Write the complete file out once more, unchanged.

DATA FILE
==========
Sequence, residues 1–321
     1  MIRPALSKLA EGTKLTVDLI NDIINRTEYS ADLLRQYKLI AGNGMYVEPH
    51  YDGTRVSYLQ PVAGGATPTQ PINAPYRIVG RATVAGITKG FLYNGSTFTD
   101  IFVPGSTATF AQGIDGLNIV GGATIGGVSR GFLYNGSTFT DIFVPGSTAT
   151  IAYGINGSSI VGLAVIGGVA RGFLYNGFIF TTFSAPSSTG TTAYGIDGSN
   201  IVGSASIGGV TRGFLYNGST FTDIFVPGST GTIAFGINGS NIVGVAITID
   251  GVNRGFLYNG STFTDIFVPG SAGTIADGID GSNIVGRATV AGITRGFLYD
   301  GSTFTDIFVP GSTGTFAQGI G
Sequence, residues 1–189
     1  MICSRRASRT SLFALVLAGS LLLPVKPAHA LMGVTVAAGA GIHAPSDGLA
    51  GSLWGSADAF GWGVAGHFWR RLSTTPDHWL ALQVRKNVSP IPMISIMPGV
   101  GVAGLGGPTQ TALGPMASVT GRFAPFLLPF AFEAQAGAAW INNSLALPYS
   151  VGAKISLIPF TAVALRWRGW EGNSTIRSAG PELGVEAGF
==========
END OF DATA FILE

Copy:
Sequence, residues 1–321
     1  MIRPALSKLA EGTKLTVDLI NDIINRTEYS ADLLRQYKLI AGNGMYVEPH
    51  YDGTRVSYLQ PVAGGATPTQ PINAPYRIVG RATVAGITKG FLYNGSTFTD
   101  IFVPGSTATF AQGIDGLNIV GGATIGGVSR GFLYNGSTFT DIFVPGSTAT
   151  IAYGINGSSI VGLAVIGGVA RGFLYNGFIF TTFSAPSSTG TTAYGIDGSN
   201  IVGSASIGGV TRGFLYNGST FTDIFVPGST GTIAFGINGS NIVGVAITID
   251  GVNRGFLYNG STFTDIFVPG SAGTIADGID GSNIVGRATV AGITRGFLYD
   301  GSTFTDIFVP GSTGTFAQGI G
Sequence, residues 1–189
     1  MICSRRASRT SLFALVLAGS LLLPVKPAHA LMGVTVAAGA GIHAPSDGLA
    51  GSLWGSADAF GWGVAGHFWR RLSTTPDHWL ALQVRKNVSP IPMISIMPGV
   101  GVAGLGGPTQ TALGPMASVT GRFAPFLLPF AFEAQAGAAW INNSLALPYS
   151  VGAKISLIPF TAVALRWRGW EGNSTIRSAG PELGVEAGF